People who have a high """"""""drive"""""""" for novel and arousing sensory stimulation (i.e., high sensation-seekers) are known to use drugs more frequently than low sensation-seekers. One interpretation of this relationship is that high sensation-seekers are predisposed biologically to find both novel stimuli and drugs to be more rewarding than low sensation-seekers. The present research will determine if novelty activates the mesolimbic DA system in a manner analogous to amphetamine, and will examine the potential neurochemical connection between novelty- and drug-seeking behaviors. Specifically, the role of D1 and D2 DA receptors in novelty-seeking will be evaluated in rats. Other experiments will be conducted to explore the possibility that reactivity to stress may influence novelty preference behavior. In separate experiments, rats will be categorized as either """"""""high"""""""" or """"""""low"""""""" in novelty preference behavior based upon their approach towards a novel environmental stimulus. These animals will then be tested for their sensitivity to the locomotor-activating and rewarding effects of amphetamine using the conditioned place preference paradigm. In addition to amphetamine, another psychostimulant (cocaine), as well as other drug classes (diazepam and morphine), will be evaluated in order to assess the generality of the findings. A parallel set of neurochemical experiments will assess whether any behavioral differences reflect a change in the functional activity of the mesolimbic DA system. In another set of experiments, rats will be raised from 21 days of age in isolation cages (1 per cage), group cages (3 per cage) or in an enriched environment with novel toys (12 per cage). At 50-60 days of age, the animals will be tested for their preference for a novel environment, as well as their behavioral reactivity to amphetamine and other drugs of abuse. In addition, isolated-, grouped- and enriched-reared rats will be examined neurochemically to determine the functional activity of the mesolimbic DA system when challenged with novel stimuli or drugs of abuse.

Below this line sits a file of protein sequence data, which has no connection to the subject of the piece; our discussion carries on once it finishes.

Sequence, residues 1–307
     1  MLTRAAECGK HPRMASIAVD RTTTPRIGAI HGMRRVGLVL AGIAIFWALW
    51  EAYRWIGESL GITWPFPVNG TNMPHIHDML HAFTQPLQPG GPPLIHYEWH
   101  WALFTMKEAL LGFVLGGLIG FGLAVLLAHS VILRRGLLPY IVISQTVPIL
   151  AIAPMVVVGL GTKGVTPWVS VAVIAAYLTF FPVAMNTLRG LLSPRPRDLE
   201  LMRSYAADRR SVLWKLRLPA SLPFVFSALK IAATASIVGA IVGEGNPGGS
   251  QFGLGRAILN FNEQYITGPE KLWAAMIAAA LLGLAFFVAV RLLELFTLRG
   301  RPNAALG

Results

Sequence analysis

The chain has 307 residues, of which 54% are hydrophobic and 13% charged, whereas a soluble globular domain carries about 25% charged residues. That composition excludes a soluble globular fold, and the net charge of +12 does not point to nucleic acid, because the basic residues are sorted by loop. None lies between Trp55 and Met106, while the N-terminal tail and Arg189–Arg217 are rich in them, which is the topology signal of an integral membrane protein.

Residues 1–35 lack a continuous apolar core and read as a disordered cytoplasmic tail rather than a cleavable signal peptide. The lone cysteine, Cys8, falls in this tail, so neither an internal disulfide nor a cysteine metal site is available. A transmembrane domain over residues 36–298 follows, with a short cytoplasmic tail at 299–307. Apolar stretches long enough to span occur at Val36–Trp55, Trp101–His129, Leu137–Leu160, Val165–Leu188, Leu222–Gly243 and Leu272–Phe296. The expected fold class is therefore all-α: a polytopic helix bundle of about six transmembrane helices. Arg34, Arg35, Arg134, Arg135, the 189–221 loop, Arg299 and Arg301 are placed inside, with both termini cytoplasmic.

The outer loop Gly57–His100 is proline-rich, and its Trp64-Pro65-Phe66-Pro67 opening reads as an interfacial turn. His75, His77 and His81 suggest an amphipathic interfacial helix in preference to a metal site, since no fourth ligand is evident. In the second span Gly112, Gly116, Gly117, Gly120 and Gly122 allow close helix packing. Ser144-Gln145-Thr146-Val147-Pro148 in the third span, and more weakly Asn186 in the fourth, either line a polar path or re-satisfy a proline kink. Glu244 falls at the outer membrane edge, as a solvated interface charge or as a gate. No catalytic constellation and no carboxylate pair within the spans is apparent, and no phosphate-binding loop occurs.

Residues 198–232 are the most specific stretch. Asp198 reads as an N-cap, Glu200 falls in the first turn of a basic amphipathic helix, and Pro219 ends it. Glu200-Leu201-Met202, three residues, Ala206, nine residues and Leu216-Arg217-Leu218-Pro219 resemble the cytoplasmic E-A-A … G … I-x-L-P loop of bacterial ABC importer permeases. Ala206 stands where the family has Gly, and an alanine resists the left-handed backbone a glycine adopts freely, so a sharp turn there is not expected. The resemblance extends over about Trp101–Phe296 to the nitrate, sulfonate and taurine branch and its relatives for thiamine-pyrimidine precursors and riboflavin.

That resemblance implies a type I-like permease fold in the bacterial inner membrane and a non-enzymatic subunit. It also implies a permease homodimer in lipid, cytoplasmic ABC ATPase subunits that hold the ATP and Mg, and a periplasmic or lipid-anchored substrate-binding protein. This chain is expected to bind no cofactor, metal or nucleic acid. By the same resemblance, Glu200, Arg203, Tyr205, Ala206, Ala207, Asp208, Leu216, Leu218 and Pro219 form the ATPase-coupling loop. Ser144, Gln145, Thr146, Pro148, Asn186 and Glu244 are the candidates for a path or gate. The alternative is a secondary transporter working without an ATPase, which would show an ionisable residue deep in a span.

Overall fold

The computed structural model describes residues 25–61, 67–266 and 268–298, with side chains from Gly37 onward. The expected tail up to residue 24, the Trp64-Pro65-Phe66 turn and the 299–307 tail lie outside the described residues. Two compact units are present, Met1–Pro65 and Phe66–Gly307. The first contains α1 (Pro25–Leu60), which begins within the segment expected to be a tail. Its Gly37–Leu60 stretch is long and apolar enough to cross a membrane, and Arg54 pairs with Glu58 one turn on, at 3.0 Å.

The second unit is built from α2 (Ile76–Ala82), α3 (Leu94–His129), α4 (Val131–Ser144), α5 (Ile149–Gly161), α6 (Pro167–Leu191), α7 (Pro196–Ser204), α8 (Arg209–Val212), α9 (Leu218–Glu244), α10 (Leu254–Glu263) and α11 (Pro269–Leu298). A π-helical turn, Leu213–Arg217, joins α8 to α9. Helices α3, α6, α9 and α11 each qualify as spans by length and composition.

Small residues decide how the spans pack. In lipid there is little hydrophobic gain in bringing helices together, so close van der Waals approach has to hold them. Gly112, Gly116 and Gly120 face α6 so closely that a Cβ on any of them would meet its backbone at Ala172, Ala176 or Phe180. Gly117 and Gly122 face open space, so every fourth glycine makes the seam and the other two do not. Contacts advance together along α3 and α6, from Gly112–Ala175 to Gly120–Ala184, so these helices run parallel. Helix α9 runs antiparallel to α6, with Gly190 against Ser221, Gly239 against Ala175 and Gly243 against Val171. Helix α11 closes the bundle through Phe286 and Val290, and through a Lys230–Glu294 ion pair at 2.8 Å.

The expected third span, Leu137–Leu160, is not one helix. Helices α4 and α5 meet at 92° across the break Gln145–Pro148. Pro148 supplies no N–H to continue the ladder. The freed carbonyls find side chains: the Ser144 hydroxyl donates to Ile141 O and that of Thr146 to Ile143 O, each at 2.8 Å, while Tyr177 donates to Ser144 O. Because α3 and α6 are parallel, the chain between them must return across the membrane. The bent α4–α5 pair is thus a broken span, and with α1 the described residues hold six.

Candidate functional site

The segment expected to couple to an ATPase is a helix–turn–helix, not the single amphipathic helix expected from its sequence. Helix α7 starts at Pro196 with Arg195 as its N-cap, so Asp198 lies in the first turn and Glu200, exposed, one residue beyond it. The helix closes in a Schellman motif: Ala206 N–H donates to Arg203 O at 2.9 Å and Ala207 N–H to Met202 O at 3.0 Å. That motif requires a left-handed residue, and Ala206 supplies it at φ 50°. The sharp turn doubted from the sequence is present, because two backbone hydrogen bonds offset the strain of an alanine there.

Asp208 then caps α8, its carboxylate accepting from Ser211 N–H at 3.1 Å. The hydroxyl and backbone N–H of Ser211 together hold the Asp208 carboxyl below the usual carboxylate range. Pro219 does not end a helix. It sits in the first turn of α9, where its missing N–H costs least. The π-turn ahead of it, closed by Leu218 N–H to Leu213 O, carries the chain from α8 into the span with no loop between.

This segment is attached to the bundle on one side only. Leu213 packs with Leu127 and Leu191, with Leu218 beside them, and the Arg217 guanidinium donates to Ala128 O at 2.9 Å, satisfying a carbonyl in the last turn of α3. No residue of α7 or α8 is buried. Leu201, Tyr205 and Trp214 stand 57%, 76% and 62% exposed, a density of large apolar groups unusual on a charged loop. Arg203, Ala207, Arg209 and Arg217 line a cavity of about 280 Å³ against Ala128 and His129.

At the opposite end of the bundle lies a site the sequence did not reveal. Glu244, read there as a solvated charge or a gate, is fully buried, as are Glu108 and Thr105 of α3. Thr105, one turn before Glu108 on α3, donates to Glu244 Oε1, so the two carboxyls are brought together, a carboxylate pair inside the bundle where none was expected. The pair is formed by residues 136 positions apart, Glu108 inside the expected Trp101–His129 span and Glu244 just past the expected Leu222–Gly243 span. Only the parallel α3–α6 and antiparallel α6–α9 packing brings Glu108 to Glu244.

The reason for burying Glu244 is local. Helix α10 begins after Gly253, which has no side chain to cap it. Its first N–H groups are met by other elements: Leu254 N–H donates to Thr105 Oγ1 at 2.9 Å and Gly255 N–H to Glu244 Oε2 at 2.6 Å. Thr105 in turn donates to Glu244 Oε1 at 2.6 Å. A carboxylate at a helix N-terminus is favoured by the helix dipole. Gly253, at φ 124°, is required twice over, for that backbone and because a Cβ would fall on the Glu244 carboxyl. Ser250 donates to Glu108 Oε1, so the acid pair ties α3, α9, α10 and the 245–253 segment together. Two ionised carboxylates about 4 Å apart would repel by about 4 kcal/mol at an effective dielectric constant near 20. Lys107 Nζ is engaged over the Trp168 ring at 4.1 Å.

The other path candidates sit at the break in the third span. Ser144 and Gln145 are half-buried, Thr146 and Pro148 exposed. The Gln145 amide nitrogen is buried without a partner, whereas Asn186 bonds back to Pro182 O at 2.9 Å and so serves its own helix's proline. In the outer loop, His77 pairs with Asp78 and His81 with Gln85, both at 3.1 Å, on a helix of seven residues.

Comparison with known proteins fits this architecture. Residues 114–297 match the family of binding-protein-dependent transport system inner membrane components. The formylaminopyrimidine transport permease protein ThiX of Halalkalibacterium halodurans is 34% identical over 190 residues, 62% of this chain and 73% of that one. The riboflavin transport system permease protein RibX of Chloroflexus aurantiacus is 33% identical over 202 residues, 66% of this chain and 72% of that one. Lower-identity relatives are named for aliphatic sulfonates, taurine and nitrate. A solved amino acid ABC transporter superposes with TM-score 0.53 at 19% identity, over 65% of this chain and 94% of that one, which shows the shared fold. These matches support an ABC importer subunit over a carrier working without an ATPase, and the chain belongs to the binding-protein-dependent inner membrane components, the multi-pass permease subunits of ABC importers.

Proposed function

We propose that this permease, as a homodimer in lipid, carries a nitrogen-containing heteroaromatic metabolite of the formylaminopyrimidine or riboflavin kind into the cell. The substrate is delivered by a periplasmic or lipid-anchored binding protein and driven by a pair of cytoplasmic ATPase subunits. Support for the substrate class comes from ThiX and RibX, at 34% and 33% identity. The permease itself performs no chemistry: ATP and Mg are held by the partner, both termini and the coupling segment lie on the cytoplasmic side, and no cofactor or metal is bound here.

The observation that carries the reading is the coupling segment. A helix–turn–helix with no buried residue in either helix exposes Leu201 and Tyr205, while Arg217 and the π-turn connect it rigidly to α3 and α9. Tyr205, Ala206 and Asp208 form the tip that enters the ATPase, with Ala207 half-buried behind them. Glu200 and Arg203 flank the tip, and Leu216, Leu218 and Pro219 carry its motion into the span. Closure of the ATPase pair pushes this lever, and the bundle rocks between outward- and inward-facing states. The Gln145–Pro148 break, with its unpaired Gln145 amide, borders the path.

National Institute of Health (NIH)
National Institute on Drug Abuse (NIDA)
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Drug Abuse Biomedical Research Review Committee (DABR)
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University of Kentucky
Schools of Arts and Sciences
United States
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Bardo, M T (1998) Neuropharmacological mechanisms of drug reward: beyond dopamine in the nucleus accumbens. Crit Rev Neurobiol 12:37-67
Bardo, M T; Robinet, P M; Hammer Jr, R F (1997) Effect of differential rearing environments on morphine-induced behaviors, opioid receptors and dopamine synthesis. Neuropharmacology 36:251-9
Bevins, R A; Klebaur, J E; Bardo, M T (1997) Individual differences in response to novelty, amphetamine-induced activity and drug discrimination in rats. Behav Pharmacol 8:113-23
Bevins, R A; Klebaur, J E; Bardo, M T (1997) 7-OH-DPAT has d-amphetamine-like discriminative stimulus properties. Pharmacol Biochem Behav 58:485-90
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Bardo, M T; Rowlett, J K; Harris, M J (1995) Conditioned place preference using opiate and stimulant drugs: a meta-analysis. Neurosci Biobehav Rev 19:39-51
Bowling, S L; Bardo, M T (1994) Locomotor and rewarding effects of amphetamine in enriched, social, and isolate reared rats. Pharmacol Biochem Behav 48:459-64
Bowling, S L; Rowlett, J K; Bardo, M T (1993) The effect of environmental enrichment on amphetamine-stimulated locomotor activity, dopamine synthesis and dopamine release. Neuropharmacology 32:885-93